The protection industry has said it is concerned that short term income protection is simply a new style of accident, sickness and unemployment cover, according to a poll.
The Protection Review survey asked advisers, life offices and reinsurers if they were concerned about the name of the general insurance cover and 62% said yes.
Kevin Carr, chief executive of the Protection Review, said: "There has been a gradual blurring of the lines when it comes to short term IP products in recent years and several firms have recently launched short term IP products, which aren't much different from typical ASU.
"Those who know the income protection market might suggest that STIP is a short term version of a proper IP plan -whereas those in the ASU/MPPI camp might say otherwise. Where exactly is the line drawn? When is ASU not short term IP and vice versa?"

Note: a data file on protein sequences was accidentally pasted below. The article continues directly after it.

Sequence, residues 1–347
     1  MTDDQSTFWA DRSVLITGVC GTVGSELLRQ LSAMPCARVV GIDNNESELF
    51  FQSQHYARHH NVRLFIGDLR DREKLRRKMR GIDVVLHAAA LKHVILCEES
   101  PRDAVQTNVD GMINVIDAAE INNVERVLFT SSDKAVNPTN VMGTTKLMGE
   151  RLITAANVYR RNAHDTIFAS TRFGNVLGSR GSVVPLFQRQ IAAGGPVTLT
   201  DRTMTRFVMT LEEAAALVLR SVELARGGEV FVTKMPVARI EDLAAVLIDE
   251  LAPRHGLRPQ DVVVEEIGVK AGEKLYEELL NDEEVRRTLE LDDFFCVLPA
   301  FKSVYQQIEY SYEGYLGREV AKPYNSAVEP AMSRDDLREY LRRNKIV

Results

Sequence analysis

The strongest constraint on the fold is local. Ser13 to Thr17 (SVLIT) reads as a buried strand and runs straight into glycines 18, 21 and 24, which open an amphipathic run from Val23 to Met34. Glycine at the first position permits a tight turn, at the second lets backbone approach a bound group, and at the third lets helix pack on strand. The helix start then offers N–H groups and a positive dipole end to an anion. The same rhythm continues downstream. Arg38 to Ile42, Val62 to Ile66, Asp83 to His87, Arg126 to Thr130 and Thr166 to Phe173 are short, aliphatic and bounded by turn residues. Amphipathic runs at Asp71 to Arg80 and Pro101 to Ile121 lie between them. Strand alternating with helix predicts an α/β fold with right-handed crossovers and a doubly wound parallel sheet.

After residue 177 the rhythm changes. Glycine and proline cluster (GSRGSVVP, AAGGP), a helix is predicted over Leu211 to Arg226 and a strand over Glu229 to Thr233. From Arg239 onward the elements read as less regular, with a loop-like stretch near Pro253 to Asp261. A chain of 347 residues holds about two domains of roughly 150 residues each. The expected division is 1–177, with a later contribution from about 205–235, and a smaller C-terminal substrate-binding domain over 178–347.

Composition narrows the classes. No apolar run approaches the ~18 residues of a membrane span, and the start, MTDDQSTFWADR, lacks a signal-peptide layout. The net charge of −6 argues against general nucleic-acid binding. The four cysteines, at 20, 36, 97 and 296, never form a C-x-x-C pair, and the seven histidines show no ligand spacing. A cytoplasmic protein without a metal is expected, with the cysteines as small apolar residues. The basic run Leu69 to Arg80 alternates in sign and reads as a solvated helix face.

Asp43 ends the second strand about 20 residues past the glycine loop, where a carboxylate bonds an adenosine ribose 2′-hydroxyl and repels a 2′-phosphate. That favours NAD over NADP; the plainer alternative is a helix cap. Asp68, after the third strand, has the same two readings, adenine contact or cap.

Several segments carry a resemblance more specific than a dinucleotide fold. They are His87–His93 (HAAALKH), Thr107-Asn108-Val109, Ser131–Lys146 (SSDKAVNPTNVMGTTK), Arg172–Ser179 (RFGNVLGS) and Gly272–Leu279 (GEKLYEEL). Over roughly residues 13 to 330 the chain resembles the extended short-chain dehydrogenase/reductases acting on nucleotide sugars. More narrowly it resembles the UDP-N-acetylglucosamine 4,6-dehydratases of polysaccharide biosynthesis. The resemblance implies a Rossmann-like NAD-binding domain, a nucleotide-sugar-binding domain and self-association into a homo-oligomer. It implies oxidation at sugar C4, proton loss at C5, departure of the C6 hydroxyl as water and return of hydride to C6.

Ben Heffer, insight analyst for life and protection at Defaqto, said the name of short term IP was problematic because it had associations with long-term income protection which was far superior.
He said: "Short term IP as a product is not merly a clinical name change and disguise for PPI as it covers a percentage of income as well as the loan payments.
"But it will be difficult for consumers to tell the difference, especially now they have been encouraged to shop around and compare products before purchase."
But Heffer added short term IP could be seen as a positive building block for long term IP, in that advisers could use short term IP to cover long term IP deferred periods.
"Short term IP is a good move and improvement on PPI but the industry really needs to be encouraging consumers to look at long term IP," he said.
According to the Competition Commission's (CC) final report on PPI misselling: "We concluded that short-term IP is a form of PPI, though we recognize that it can be used for alternative purposes.
It also concluded sale a short-term IP policy through a referral made during a credit sale would be sold in the same way as PPI and enjoyed the same advantages.
The CC said it gave rise to the same concerns as PPI sold at the point of sale.